Posts Tagged ‘Blue Valentine’

My Week With Marilyn

Posted 22 Apr 2012 — by Ezra Stead
Category Film Reviews, Movies I Got

By Ezra Stead

My Week with Marilyn, UK / USA, 2011

Directed by Simon Curtis

My Week with Marilyn is a solid biopic buoyed by an excellent performance from Michelle Williams. Marilyn Monroe was my first real crush, even before I really knew what a crush was. I grew up on old movies, which is probably the reason I still find the image of a woman smoking with a cocktail in the other hand extremely sexy, and no woman on the silver screen from that golden era long before I was born held the mysterious, seductive allure of Marilyn. Three of her films in particular were my childhood obsessions: Otto Preminger’s River of No Return (1954), Billy Wilder’s Some Like It Hot (1959) and John Huston’s The Misfits (1961), which turned out to be her final feature. Of course, there were other favorites, especially Howard Hawks’ Monkey Business (1952) and Wilder’s The Seven Year Itch (1955), but those three really captured her sweet vulnerability, her almost oblivious sensuality, and the soft sadness behind her alluring smile, an indication of the hard life she had lived and, as my young mind and these films dared to hope, had now left behind. In reality, of course, poor Marilyn’s life only got harder, until it was snuffed out all too soon. Read More

Drive – Full Of Adrenaline

Posted 02 Nov 2011 — by contributor
Category Film Reviews, Movies I Got

By Scott Martin

Drive, USA, 2011

Directed by Nicolas Winding Refn

Drive is one of the biggest sleepers of the year. If you watch Drive on a superficial level, you get a bad-ass action film – a slow burning, tightly paced one, at that – but if you watch it from a critical standpoint, you’ll notice more than one polite tip of the hat to Taxi Driver (1976), slight turns from Martin Scorsese’s directorial play-book by director Nicolas Winding Refn. Really, Drive could be viewed as a pastiche of action movies and westerns from the glory days of Hollywood in the 70’s and 80’s era.

Ryan Gosling has a skill for determining the darker aspects of characters that appear to be a little blank on paper. In 2001, he played a self-hating neo-Nazi Jew in Henry Bean’s The Believer; in 2010, he was a failing husband in Derek Cianfrance’s Blue Valentine (I really hope you all saw that); and here, he’s the wheel-man with no name. He goes by “the kid,” and that’s barely a term of endearment from the man who took him in. He has a hell of a job: he’s a stunt driver for the movies by day, and a getaway driver at night. Of course, he’s freelance all the way. When a producer needs a flawless car crash, he’s the guy, and when a mob king needs a flawless getaway, there’s nobody better. He works with a man named Shannon (Bryan Cranston) who gave him a job years before the movie (and the kid’s criminal activity) started. Read More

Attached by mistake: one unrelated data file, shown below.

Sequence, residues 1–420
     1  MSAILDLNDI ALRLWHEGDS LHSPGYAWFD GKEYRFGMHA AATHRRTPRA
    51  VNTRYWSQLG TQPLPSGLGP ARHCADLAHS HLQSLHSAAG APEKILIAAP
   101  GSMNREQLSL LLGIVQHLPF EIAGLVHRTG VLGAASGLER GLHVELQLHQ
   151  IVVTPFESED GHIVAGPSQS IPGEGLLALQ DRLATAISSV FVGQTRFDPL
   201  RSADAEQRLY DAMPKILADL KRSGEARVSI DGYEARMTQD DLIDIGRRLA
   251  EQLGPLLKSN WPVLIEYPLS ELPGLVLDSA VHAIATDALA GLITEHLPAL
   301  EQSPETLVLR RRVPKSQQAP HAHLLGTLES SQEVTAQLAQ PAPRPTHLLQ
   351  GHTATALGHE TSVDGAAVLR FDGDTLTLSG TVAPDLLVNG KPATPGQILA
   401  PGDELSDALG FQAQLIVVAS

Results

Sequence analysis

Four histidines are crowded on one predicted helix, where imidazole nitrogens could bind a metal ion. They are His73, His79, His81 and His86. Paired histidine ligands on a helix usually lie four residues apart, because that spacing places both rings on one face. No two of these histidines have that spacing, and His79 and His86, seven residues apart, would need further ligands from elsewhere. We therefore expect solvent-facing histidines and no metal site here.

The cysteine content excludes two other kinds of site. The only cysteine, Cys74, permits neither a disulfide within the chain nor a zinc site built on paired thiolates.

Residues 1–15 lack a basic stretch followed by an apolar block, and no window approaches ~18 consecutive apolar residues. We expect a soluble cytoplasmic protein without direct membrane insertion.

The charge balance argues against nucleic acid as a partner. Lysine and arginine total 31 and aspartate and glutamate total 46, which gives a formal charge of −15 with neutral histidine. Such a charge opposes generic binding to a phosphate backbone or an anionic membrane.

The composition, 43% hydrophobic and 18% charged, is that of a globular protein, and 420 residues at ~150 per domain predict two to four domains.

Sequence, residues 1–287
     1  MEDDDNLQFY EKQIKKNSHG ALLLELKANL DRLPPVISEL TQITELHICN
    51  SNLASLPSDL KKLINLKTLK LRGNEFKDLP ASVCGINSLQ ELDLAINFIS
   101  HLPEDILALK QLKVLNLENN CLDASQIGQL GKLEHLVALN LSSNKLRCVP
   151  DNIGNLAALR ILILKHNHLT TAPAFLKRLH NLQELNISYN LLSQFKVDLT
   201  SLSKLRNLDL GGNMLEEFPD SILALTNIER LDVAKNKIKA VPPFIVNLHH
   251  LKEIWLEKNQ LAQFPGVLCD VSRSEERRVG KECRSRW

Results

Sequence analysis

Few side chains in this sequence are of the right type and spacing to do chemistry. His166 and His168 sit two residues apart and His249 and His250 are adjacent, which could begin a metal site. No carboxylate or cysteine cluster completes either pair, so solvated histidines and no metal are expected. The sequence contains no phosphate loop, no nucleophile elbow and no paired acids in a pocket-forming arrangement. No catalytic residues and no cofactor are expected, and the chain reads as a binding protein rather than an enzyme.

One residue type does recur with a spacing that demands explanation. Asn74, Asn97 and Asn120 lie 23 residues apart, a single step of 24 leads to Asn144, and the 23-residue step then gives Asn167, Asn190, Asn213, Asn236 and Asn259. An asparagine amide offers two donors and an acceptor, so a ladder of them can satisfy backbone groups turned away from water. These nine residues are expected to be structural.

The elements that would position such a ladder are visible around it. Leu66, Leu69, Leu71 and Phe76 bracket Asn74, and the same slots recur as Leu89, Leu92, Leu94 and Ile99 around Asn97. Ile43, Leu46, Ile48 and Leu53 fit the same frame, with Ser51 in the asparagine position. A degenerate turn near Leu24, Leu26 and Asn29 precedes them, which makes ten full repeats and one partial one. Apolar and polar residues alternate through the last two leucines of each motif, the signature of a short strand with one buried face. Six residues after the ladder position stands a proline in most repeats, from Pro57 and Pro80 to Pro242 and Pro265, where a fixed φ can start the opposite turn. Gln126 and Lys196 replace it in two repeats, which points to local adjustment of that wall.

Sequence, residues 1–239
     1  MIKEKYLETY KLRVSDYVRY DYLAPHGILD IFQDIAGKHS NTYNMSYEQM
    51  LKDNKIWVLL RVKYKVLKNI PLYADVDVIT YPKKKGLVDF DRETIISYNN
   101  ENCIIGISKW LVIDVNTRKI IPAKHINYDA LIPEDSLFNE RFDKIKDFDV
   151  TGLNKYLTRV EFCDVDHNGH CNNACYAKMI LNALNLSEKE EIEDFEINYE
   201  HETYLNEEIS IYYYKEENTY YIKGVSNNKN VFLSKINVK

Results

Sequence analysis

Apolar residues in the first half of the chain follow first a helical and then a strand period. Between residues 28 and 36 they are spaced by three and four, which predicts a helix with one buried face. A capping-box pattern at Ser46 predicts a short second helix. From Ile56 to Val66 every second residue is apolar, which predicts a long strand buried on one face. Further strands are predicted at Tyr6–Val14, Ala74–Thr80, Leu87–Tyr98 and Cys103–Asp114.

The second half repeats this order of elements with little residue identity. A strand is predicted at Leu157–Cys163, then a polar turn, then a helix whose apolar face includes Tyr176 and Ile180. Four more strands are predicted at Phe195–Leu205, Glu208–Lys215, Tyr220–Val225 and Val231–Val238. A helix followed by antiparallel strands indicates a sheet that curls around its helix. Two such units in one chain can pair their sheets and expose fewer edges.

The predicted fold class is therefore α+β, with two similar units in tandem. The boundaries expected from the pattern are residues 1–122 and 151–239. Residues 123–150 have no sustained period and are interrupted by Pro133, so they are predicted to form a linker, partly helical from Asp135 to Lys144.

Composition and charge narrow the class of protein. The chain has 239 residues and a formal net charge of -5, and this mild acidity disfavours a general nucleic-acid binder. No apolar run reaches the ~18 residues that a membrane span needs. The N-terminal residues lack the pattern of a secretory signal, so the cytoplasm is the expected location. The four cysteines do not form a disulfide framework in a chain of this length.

Blue Valentine – Is This You?

Posted 23 Jan 2011 — by Ezra Stead
Category Film Reviews, Movies I Got

By Ezra Stead

Blue Valentine, USA, 2010

Directed by Derek Cianfrance

Michelle Williams and Ryan Gosling star in Blue Valentine.2010 was an unusual year for me in that I saw only about a third (or less) of the number of new films I’ve seen in pretty much every year of the decade leading up to it. That said, of the few dozen I did manage to see (and we all know the film year isn’t over until around the time of the Academy Awards – the Super Bowl of movies – so there are more to be seen), Derek Cianfrance’s Blue Valentine is my favorite. I might even venture an objective opinion (is that an oxymoron?) and say that it is absolutely the best film of the year.

I have called this Derek Cianfrance’s film and, while it is true that its greatness is in large part due to his work as director and co-writer (along with Cami Delavigne and Joey Curtis), Ryan Gosling and Michelle Williams have created performances of such credibility and raw emotional intensity that it is easy to forget the director’s invisible hand. Gosling plays Dean, a high school dropout who now works as a house painter and drinks too much; Williams is Cindy, an on-call nurse who struggles to balance her heavy workload with time spent caring for their daughter, Frankie (Faith Wladyka). One weekend, they leave Frankie with Cindy’s dad and go to a “cheesy sex motel” to get drunk and try to forget the pressures of their lives for a while. What they find when they are alone together, though, is just how far they have gone from the happy, early days of their relationship. Read More